Final Destination (2000) landed in a time when both the world, fresh out of Y2K, and the horror genre, were suddenly shifting. The first film was born from a spec script by Jeffrey Reddick for an episode of The X-Files. The episode went unproduced, but the concept of caught the attention of The X-Files writing veterans Glen Morgan and James Wong, who decided to rewrite the script as a feature, with Morgan making his directorial debut. The result was a memorable film that served as a sort of bridge between the teen horror cycle of the 90s, which included Scream (1996), Urban Legend (1998), and I Know What You Did Last Summer (1997), and the gorier fare of the early aughts, like Saw (2004) and Hostel (2005). Final Destination and its four sequels offered the perfect blend of teen heart-throbs, supernatural elements, and brutal deaths.
What’s so great about the Final Destination series goes beyond the creative kills. These movies have been able to inspire terror of the mundane in those who have seen them. You didn’t need to cheat death to suddenly have a healthy paranoia about everything that might happen to you. As much as many of the deaths feel silly or contrived, you can’t help but wonder if some of these deaths could actually happen if all of the right factors existed. Final Destination was all too happy to remind us of our own mortality and force us to examine even the most statistically unlikely ways we can die.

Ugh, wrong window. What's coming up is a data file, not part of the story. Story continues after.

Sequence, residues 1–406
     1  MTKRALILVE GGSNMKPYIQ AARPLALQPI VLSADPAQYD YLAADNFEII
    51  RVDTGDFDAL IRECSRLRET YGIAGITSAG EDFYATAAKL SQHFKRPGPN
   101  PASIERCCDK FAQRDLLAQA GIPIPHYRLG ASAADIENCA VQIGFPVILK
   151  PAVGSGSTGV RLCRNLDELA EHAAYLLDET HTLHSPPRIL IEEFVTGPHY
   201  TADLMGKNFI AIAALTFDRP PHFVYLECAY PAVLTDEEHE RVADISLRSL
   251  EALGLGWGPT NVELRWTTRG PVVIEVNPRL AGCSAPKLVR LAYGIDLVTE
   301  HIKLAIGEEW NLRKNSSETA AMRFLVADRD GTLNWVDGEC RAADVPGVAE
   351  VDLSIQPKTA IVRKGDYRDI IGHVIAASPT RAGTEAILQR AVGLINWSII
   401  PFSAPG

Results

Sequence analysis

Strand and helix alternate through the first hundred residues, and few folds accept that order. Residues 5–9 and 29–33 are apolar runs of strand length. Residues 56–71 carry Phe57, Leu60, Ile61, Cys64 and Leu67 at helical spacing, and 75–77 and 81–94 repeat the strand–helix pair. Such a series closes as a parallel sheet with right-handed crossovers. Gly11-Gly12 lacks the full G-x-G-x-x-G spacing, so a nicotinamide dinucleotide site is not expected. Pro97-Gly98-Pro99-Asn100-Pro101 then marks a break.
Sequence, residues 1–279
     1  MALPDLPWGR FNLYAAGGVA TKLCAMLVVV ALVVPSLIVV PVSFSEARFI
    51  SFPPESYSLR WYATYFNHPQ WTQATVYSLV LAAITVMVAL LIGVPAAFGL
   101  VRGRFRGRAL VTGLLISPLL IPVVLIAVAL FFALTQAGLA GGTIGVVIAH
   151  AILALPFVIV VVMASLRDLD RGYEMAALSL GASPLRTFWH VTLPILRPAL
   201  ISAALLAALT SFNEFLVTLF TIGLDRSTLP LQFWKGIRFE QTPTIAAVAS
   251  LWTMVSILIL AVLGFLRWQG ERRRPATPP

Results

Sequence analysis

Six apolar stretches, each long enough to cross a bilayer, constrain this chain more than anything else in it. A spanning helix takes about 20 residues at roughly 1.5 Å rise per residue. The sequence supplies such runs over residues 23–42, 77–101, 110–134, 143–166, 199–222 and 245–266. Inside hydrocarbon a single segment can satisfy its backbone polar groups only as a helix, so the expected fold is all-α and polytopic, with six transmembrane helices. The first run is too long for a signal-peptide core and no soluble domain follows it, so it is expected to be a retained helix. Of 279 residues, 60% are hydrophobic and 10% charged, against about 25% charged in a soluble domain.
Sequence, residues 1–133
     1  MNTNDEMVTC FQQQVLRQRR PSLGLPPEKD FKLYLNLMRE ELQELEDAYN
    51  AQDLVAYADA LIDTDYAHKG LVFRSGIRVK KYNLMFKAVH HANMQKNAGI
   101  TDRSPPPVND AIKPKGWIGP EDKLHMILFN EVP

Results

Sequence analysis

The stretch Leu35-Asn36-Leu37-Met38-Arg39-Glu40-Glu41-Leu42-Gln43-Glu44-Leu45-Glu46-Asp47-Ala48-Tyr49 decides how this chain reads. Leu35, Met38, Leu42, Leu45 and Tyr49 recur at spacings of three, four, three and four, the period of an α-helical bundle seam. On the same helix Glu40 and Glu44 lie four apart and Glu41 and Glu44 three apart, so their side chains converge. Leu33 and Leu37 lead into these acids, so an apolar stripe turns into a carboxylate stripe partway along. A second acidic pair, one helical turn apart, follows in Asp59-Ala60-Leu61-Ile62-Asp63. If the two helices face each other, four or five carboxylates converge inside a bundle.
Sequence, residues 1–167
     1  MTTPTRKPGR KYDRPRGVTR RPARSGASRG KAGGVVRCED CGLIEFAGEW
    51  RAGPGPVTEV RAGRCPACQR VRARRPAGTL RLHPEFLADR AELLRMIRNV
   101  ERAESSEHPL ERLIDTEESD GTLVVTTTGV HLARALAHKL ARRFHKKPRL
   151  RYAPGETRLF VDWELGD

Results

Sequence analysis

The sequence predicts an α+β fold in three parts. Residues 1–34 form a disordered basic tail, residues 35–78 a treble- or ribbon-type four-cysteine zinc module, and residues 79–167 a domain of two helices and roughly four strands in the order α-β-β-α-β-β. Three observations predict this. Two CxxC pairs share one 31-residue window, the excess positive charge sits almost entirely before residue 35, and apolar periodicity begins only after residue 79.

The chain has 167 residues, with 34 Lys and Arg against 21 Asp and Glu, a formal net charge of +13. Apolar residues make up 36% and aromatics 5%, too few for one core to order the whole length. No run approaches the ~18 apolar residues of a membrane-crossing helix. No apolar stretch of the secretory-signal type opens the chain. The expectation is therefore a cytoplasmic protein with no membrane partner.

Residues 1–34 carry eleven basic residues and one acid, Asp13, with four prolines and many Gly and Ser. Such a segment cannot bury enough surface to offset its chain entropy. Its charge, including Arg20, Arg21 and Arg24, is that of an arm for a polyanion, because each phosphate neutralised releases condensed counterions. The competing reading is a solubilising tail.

“Final Destination was all too happy to remind us of our own mortality…”
In honour of the anniversary of the first film’s release on March 17th, 2000, we’re taking a look at some of those paranoia-inspiring scenes. This isn’t a definitive ranking of Final Destination deaths; rather, we’re taking a moment to appreciate some of the deaths that just stick in the back of your mind years after you first watched the movies.
The Plane Crash – Final Destination (2000)
This was the incident that launched a franchise. When Alex (Devon Sawa) has a premonition that the plane he’s about to board for his high school senior trip is going to explode, he understandably freaks out and refuses to fly. His fear is infectious enough to force some of his friends to abandon their trip, only to watch the plane burst into flames upon take off.
Despite the relative safety of traveling by flight compared to other modes of transportation, a lot of people are nervous flyers (or refuse to get onto planes at all). The inciting incident of Final Destination does nothing but reinforce a fear of flying.
Ads are Scary
Nightmare on Film Street is independently owned and operated. We rely on your donations to cover our operating expenses and to compensate our team of 30+ Contributors.
If you enjoy Nightmare on Film Street, consider Buying us a coffee!
The Bathroom – Final Destination (2000)
Do you have a non-slip mat inside your tub? It might save your life. In Tod (Chad E. Donella)’s case, a tub mat wouldn’t have stopped him from slipping and getting a shower wire wrapped around his neck, but it might have given him the traction he needed to stand up and free himself. If this scene has left you with shower wire anxiety, maybe just sling your wet clothes over the shower curtain rod instead.
The Logging Truck – Final Destination 2 (2003)
Driving is the most dangerous thing many of us do every day without really thinking about how dangerous it is. Even if you’re driving safely — which wasn’t the case for most of the victims in the opening death scene for Final Destination 2 — you’re still riding in a metal machine hurtling down a road with other cars doing the same. Logs unexpectedly falling off a truck into the road can quickly turn into a deadly pileup.